MSC Intensifies North Sea Clean-up
Switzerland-based global container shipping and a company MSC Mediterranean Shipping Company said that it is directly taking over more of the clean-up of German and Dutch waters and beaches, following the recent container spill from the cargo ship MSC Zoe.
The world's second-largest shipping line in terms of container vessel capacity said in a press release that in close collaboration with local authorities, it is now working with a number of salvage companies to add momentum to the quick response started on 2 January.
In some locations, MSC is also taking over contracts initiated by local authorities as part of an emergency reaction to the incident, in order to provide a sustained and effective response operation. That operation is being coordinated through a single specialized response company, appointed by MSC and its insurers, in order to centralise and monitor the cleaning work.
The clean-up is concentrated around the Dutch and German coastlines and notably on Frisian islands such as Vlieland, Terschelling, Ameland and Schiermonnikoog.
Specialist equipment is being used to accelerate the clean-up process. For example, fast boats for picking up and towing drifting containers and sonar-tracing vessels for underwater recovery. These boats use a hydraulic, remote-operated grab function to pick up the boxes.
On 3 January on Terschelling alone, some eight containers of materials were collected from the shores of the island, with an industrial raking machine deployed to comb the beaches. A drone was used to scan the area and plan detailed follow-up cleaning.
Some materials collected from the Frisian coast have already been passed on for recycling and for use as building insulation. It is expected that all material collected from the islands as part of the official clean-up operation will be sent to the mainland for storage and treatment.
While a number of containers have already been collected in the aftermath of the incident, for containers still at sea, MSC is grateful for fly-over operations by Germany’s Havariekommando, in order to try to determine the location of boxes within German waters. MSC will ensure proper communication of operational updates to the authorities in both Germany and the Netherlands.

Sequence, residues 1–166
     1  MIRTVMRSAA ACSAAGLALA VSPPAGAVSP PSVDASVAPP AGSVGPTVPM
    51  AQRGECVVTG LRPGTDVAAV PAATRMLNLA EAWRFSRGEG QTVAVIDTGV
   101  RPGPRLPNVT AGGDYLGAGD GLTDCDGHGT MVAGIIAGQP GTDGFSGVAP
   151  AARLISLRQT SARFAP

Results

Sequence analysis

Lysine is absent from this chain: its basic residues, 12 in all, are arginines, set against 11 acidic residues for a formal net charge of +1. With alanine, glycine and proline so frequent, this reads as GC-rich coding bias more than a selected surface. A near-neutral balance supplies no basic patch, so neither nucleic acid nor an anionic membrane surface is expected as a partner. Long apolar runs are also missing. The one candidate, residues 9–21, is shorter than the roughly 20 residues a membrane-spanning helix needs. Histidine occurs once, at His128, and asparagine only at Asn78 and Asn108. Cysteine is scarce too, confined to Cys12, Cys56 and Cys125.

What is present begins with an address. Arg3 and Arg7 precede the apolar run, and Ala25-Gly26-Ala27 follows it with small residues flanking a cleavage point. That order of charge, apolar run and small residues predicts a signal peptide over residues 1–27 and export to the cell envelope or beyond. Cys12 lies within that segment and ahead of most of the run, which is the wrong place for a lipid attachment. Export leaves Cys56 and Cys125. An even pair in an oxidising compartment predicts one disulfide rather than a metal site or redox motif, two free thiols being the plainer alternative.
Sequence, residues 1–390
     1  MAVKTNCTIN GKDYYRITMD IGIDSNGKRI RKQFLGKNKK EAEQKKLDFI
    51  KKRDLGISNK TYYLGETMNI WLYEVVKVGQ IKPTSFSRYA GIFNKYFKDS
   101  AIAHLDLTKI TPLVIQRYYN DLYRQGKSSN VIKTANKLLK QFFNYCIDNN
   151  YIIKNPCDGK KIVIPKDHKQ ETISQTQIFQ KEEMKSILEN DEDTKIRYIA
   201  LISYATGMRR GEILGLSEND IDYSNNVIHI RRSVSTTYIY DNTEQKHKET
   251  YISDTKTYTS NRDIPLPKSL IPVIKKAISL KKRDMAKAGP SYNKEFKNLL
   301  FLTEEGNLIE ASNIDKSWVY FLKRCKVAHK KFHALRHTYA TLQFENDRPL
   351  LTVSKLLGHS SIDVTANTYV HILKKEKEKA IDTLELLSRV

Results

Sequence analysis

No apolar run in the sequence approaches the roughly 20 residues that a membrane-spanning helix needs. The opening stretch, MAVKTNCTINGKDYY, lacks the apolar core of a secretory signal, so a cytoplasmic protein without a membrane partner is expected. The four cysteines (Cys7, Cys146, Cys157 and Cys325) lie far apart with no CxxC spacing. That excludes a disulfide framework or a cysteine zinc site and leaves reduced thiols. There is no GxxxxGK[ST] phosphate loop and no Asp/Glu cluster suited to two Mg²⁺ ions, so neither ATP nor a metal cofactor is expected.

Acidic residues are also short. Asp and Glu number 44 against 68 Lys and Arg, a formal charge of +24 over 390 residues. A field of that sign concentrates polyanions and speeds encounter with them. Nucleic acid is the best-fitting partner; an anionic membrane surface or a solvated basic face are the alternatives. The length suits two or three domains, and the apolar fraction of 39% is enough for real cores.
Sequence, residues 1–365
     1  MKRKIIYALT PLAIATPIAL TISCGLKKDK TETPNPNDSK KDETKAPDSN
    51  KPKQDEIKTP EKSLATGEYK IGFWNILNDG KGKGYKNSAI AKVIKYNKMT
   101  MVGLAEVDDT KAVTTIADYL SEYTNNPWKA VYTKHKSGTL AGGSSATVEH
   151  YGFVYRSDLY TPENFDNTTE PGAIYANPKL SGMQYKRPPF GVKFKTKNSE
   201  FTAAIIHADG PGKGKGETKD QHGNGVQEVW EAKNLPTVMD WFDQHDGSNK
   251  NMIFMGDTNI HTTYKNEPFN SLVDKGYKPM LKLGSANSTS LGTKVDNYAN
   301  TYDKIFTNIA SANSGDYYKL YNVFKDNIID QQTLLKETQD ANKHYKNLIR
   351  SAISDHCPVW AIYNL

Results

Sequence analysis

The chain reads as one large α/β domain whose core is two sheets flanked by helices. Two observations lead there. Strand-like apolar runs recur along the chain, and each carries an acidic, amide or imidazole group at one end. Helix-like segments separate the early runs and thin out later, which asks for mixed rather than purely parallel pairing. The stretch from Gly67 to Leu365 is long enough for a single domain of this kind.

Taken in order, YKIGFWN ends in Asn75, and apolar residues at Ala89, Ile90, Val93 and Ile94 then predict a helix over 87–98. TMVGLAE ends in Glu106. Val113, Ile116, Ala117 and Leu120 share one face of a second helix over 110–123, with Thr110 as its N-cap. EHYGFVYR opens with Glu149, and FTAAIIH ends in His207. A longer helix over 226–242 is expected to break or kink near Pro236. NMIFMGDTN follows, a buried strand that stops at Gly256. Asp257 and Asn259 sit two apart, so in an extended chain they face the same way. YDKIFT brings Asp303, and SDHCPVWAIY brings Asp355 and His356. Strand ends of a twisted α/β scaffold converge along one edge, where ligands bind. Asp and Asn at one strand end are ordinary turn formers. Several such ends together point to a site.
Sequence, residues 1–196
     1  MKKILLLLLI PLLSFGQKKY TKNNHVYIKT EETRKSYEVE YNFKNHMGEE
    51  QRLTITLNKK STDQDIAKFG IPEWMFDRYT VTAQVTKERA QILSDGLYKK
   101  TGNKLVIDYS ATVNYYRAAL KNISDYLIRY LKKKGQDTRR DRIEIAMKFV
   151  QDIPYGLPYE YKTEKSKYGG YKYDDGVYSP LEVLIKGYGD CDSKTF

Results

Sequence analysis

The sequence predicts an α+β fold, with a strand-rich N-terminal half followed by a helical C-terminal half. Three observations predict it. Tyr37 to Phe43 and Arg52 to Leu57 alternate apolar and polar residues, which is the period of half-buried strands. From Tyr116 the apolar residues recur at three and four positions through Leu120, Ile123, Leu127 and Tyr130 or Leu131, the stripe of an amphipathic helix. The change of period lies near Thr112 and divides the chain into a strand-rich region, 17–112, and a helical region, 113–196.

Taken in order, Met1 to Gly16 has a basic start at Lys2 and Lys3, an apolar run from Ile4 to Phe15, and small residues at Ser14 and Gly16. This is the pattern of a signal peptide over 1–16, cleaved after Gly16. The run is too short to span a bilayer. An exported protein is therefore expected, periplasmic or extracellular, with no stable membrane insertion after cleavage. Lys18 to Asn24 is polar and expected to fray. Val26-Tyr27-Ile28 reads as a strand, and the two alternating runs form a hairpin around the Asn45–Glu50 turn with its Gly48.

MSC is not giving a detailed account of the cargo on board to the general public at this time, since such matters are often confidential between the shipping line and its customers.
"However, in relation to some reports from authorities about dangerous cargo, we would like to inform the public that we are not aware at this time of any public injury from the cargo in MSC-carried containers spilled overboard," the release said.
Members of the public are nonetheless advised to exercise caution when encountering containers or other materials on the beaches and to report any discoveries to local authorities, in order that they can relay the information to those in charge of the clean-up operation and avoid any unnecessary personal injury.
Caution should be applied in particular for any containers or drums which are labelled as having hazardous content and these should only be touched under supervision of the authorities or clean-up experts.
"MSC is grateful to the civic actions of many members of the public, who have voluntarily assisted with cleaning beaches. We ask volunteers to work in collaboration with authorities and officially-appointed response companies," it said.
"Accidents of the scale of MSC Zoe in the North Sea are rare, but when they do occur, MSC responds quickly. We are committed to supporting this clean-up operation as long as required," it added.